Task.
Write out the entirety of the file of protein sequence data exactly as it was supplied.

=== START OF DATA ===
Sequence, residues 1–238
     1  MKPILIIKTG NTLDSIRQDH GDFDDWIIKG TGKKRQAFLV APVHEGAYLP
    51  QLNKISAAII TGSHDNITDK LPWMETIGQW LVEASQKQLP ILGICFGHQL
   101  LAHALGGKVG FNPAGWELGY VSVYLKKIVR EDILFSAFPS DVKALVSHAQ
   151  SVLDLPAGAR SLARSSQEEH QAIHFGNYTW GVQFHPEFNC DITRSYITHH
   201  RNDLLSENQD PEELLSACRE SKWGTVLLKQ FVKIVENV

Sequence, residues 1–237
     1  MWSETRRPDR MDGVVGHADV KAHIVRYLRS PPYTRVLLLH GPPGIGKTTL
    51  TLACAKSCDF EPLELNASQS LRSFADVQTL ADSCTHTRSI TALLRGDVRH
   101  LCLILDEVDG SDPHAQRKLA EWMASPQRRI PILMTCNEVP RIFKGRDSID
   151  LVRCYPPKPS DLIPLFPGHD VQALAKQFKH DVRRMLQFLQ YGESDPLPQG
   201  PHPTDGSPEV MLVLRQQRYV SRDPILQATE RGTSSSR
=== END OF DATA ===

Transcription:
Sequence, residues 1–238
     1  MKPILIIKTG NTLDSIRQDH GDFDDWIIKG TGKKRQAFLV APVHEGAYLP
    51  QLNKISAAII TGSHDNITDK LPWMETIGQW LVEASQKQLP ILGICFGHQL
   101  LAHALGGKVG FNPAGWELGY VSVYLKKIVR EDILFSAFPS DVKALVSHAQ
   151  SVLDLPAGAR SLARSSQEEH QAIHFGNYTW GVQFHPEFNC DITRSYITHH
   201  RNDLLSENQD PEELLSACRE SKWGTVLLKQ FVKIVENV

Sequence, residues 1–237
     1  MWSETRRPDR MDGVVGHADV KAHIVRYLRS PPYTRVLLLH GPPGIGKTTL
    51  TLACAKSCDF EPLELNASQS LRSFADVQTL ADSCTHTRSI TALLRGDVRH
   101  LCLILDEVDG SDPHAQRKLA EWMASPQRRI PILMTCNEVP RIFKGRDSID
   151  LVRCYPPKPS DLIPLFPGHD VQALAKQFKH DVRRMLQFLQ YGESDPLPQG
   201  PHPTDGSPEV MLVLRQQRYV SRDPILQATE RGTSSSR